American Indian tribes in the Pacific Northwest signed treaties with the federal government in the 1850’s that preserved their right to fish in their “usual and accustomed” fishing grounds. The tribes have had to continually fight to have this right recognized. U.S. v. Washington, 1974, the Boldt decision, upheld this fishing right and ruled that the tribes were entitled to 50% of the harvestable portion of salmon returning to their usual and accustomed grounds. Though this historic court decision enabled the Indians to legally fish, the decline of the salmon has meant that the importance of this decision has been eroded. For the last three decades the tribes have worked to preserve salmon runs by protecting and restoring fish habitat. The tribes are in a unique position to advance habitat restoration on a landscape scale. Restoring fish passage in streams throughout the state is an example of how the power of the treaties can facilitate salmon recovery significantly. In 2001, they went into federal district court with a specific habitat lawsuit: the culvert case. The decision in this case has been called the most significant victory for tribal treaty fishing rights since the Boldt decision.

Flathead Lake Fish and Methylmercury: Treaty Rights & Human Rights

Author:Lori Lambert, PhD, DS, RN

This case examines the presence of methymercury (MeHg) in Flathead Lake on the Flathead Indian Reservation in western Montana, home of the Salish, Kootenai, and Pend d’Oreille Peoples. The presence of MeHg is affecting the health of fish, osprey, tribal and community members. It is a particularly devastating problem for pregnant women as the developing fetus is particularly susceptible to the neurotoxic effects of methylmercury. It is time for action to address this environmental problem, but the solution to this issue is complex and raises a host of scientific, educational, and intergovernmental issues.

Should the Confederated Tribes of Warm Springs Invest in a Woody Biomass Co-generation Facility?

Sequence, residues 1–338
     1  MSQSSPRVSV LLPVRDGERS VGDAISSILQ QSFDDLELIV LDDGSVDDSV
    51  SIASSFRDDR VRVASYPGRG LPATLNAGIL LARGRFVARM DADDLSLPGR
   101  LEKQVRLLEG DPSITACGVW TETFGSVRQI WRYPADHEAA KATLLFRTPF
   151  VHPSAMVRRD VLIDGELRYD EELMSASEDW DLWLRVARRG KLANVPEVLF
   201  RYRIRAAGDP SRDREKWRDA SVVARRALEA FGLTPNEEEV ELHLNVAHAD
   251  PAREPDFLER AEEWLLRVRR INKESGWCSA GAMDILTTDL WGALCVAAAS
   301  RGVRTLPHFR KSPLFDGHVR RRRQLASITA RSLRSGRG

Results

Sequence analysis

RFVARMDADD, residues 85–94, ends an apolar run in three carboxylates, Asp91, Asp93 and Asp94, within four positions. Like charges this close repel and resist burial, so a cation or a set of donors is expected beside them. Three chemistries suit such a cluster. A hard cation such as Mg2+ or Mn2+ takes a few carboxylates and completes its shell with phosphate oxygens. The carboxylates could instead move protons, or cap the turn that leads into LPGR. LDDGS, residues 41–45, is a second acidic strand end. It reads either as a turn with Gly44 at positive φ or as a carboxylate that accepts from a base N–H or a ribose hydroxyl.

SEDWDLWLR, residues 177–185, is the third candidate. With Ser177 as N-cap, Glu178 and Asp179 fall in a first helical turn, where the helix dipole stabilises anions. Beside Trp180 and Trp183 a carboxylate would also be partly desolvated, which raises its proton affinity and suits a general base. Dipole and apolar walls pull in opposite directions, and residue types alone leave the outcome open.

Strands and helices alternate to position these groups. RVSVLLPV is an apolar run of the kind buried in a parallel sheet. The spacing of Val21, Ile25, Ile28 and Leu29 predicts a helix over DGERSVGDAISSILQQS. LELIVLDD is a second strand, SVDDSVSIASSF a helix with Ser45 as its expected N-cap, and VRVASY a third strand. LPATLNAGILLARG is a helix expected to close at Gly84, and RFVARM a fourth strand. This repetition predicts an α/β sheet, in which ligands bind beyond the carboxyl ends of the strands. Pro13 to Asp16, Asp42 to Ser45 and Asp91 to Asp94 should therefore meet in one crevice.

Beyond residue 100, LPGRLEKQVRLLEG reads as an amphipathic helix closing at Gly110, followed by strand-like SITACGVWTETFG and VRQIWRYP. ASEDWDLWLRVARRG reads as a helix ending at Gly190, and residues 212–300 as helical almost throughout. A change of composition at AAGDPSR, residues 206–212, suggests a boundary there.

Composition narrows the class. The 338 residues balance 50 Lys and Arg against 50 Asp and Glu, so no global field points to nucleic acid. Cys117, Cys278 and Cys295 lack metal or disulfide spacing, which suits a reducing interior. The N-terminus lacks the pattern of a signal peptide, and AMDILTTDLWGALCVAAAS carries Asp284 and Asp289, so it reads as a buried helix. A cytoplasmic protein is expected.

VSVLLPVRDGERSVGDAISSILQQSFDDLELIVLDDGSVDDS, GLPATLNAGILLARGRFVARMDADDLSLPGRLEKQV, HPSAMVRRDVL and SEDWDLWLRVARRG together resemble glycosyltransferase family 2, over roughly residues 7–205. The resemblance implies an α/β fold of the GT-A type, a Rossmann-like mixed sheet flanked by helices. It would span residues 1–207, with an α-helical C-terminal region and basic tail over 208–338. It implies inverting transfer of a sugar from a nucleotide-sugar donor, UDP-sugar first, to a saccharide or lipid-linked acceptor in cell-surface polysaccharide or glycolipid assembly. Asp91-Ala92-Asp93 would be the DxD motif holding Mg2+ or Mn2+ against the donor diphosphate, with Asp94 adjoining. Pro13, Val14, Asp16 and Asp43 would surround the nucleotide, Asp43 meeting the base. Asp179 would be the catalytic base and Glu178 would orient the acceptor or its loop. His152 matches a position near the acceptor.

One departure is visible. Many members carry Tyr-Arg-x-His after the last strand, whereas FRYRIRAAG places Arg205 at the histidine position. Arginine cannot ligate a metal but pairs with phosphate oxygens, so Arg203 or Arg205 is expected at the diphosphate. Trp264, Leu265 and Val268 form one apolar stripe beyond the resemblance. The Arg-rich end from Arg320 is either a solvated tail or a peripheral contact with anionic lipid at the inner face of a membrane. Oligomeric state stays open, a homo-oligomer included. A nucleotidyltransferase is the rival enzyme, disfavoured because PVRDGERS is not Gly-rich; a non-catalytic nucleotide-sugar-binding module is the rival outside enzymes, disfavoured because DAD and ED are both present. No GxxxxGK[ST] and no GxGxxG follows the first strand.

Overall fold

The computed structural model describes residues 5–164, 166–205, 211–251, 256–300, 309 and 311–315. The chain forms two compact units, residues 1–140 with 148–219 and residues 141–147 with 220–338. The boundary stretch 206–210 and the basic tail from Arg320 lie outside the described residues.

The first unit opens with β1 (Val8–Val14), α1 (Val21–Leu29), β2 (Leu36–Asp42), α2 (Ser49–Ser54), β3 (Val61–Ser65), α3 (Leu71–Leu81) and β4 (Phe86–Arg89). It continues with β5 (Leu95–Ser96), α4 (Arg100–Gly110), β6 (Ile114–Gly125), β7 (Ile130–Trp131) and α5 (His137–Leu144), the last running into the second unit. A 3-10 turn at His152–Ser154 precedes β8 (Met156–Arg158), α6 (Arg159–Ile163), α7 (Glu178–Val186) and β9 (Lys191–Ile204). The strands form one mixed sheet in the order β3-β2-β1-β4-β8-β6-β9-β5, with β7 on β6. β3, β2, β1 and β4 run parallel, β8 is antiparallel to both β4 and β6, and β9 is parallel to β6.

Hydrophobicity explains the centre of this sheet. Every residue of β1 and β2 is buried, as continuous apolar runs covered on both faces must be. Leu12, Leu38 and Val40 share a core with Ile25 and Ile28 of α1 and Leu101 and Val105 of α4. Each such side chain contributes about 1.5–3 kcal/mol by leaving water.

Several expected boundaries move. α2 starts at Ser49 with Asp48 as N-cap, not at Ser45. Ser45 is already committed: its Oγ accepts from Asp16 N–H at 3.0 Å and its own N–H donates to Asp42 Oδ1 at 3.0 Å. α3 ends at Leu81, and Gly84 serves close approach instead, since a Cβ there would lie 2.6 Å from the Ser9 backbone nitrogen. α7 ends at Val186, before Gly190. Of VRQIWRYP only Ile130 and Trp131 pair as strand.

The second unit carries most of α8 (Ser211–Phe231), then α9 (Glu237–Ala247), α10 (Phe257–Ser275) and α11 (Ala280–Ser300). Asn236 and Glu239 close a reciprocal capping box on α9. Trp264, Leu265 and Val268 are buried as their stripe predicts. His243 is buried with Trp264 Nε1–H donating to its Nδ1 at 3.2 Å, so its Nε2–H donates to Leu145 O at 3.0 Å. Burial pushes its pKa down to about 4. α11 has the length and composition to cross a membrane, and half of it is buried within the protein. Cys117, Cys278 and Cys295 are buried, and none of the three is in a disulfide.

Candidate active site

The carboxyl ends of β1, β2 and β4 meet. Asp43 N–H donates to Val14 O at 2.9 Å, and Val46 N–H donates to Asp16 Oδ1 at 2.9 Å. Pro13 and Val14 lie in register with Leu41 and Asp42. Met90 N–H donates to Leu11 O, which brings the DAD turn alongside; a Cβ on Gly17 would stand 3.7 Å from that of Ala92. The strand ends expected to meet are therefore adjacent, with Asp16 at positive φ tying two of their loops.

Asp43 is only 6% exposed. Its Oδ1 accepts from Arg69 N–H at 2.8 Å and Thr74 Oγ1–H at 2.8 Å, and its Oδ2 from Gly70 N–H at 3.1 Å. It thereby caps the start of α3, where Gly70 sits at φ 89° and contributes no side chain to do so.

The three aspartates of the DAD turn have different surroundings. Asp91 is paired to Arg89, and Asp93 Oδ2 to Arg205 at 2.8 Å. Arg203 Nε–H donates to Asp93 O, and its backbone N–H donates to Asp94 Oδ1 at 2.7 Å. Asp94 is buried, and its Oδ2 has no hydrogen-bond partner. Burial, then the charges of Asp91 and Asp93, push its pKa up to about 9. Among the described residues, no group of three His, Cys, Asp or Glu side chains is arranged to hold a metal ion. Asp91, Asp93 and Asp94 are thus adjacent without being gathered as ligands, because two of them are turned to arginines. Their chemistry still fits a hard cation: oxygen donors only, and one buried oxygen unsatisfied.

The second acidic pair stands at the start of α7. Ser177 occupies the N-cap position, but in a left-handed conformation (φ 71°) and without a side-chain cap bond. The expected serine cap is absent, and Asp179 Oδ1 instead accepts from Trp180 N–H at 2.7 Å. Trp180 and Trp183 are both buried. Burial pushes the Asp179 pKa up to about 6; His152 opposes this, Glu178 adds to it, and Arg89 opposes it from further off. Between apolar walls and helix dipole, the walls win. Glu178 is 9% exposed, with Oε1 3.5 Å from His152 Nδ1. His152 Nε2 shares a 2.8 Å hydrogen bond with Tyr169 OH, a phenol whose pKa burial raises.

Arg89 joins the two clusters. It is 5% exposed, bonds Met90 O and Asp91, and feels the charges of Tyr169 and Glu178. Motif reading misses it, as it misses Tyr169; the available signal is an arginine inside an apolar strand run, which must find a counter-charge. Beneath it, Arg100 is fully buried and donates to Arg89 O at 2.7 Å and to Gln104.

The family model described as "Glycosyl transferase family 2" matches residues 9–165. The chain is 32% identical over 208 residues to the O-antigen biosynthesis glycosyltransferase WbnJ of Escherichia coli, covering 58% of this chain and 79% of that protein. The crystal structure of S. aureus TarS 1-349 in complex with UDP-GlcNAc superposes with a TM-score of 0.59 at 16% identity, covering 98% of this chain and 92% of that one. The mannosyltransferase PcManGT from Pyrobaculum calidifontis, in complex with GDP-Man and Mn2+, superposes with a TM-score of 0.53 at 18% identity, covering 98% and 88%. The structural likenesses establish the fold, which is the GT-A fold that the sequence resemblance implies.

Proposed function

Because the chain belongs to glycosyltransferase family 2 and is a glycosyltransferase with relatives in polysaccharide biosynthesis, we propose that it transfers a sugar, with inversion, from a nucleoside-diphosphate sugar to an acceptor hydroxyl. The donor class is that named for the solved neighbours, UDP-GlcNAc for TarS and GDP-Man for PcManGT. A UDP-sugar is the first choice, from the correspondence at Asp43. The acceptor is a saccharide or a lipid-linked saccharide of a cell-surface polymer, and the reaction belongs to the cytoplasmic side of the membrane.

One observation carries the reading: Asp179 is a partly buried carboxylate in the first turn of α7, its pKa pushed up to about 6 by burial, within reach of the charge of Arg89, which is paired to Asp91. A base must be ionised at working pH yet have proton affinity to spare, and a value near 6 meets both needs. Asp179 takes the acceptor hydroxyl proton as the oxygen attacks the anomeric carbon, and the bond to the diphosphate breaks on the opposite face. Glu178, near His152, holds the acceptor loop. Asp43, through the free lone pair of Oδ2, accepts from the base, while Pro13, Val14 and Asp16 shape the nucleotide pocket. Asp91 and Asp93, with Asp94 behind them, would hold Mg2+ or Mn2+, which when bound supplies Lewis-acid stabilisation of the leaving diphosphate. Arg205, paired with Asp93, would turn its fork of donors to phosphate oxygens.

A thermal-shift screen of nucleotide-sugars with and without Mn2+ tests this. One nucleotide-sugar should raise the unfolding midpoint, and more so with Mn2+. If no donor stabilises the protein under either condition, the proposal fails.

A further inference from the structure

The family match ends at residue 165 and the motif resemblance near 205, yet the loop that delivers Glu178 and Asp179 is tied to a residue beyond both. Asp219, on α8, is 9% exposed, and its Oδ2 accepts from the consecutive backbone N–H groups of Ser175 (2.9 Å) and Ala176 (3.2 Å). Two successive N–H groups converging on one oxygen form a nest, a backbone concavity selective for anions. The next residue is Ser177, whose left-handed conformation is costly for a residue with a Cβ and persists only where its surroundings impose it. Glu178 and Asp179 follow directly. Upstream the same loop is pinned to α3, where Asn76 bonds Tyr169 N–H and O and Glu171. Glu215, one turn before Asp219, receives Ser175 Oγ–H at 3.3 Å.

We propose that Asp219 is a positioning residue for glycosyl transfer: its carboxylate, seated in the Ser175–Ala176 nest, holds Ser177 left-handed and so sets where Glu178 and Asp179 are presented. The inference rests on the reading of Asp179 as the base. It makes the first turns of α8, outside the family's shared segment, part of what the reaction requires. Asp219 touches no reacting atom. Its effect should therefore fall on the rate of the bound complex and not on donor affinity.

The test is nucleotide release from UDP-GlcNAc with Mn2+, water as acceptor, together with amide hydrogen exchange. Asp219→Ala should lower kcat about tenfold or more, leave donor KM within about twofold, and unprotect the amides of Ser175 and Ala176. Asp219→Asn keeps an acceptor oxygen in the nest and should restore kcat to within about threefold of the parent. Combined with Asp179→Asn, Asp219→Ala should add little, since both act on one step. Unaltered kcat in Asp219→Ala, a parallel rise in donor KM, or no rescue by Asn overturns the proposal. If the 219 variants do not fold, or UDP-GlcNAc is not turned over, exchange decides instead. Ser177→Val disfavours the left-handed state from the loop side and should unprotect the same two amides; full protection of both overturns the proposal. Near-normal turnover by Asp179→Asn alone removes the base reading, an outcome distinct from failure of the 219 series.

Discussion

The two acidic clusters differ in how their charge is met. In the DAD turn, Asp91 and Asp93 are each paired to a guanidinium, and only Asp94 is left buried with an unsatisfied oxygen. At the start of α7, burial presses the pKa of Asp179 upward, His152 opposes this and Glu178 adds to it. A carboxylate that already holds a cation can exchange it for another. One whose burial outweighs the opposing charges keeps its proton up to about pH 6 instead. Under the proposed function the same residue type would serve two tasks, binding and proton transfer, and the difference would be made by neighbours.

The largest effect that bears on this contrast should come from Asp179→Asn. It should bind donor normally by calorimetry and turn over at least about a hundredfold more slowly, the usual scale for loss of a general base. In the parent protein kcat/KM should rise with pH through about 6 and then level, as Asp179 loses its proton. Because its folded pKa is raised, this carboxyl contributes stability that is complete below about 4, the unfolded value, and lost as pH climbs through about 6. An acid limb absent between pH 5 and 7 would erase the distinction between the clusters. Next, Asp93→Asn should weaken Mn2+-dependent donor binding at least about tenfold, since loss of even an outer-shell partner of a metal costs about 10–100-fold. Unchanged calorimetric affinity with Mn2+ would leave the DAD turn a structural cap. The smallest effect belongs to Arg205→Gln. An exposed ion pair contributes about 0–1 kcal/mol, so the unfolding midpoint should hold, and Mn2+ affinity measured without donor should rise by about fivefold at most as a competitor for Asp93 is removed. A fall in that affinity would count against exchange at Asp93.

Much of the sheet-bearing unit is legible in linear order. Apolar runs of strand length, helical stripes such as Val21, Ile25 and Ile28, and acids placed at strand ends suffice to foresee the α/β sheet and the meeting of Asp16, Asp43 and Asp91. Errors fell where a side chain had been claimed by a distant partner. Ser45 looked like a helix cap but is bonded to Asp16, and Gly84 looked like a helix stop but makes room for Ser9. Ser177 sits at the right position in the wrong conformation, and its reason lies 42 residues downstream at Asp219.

Author:Kathleen M. Saul

Decades of fire suppression have left the national forests overgrown, littered with dead branches, leaves, and pine needles, and vulnerable to catastrophic wild fires. Global climate change has prompted an interest in sources of electricity that emit less carbon dioxide than coal. Those two factors come together as the Confederated Tribes of Warm Springs decide whether to build a facility that uses woody materials (“biomass”) to generate electricity. The case explores some of the environmental, regulatory, and economic factors the Tribes might want to consider in their decision making process.

Climate Change Implications for the Quileute and Hoh Tribes

Author:Chelsie Papiez

Native peoples are the world’s early warning system that climate change is affecting human communities. Climate disruptions are impacting hardest on their place-based rights and way of life. On the northern coast of Washington State, Traditional Ecological Knowledge gathered through in-depth interviews strongly suggests climate change is impacting the reservations of the Quileute and Hoh peoples. Both Nations live on low-lying coastline, bordered on three sides by the Olympic National Park, and are susceptible to sea-level rise, extreme storm surge events, and shoreline erosion. Among the key impacts identified, TEK tells us that species range shifts in the ocean are becoming more common with the arrival of new warm water species. This change alone poses negative implications for Native and non-Native peoples.

When Our Water Returns: The Gila River Indian Community and Diabetes

Author:Jovana J. Brown

The Gila River Indian Community (GRIC) of Arizona has the highest rate of diabetes in the world. Before white settlement of their homeland in central Arizona, their ancestors had an abundant water supply and a flourishing agricultural lifestyle. In the late 19th and early 20th century, non-Indian water use completely cut off their water supply. This depletion led to many years of starvation and then to a diet of highly processed foods that some say is responsible for the obesity and diabetes in the GRIC. After many years of negotiation, a water-rights settlement has been reached to return water to the ownership of the Gila River Indian Community. Research has shown that a diet that resembles the one that their ancestors ate when they were an agricultural people combined with increased physical activity can reduce the rate of obesity and diabetes. Will the return of their water enable the GRIC to return to their past agricultural practices? Can the members of this southern Arizona tribe again raise the kinds of crops as they did in the past? Can their previous healthy lifestyle of generations ago be restored?

River Flow for Riparian Health

Author:Robert S. Cole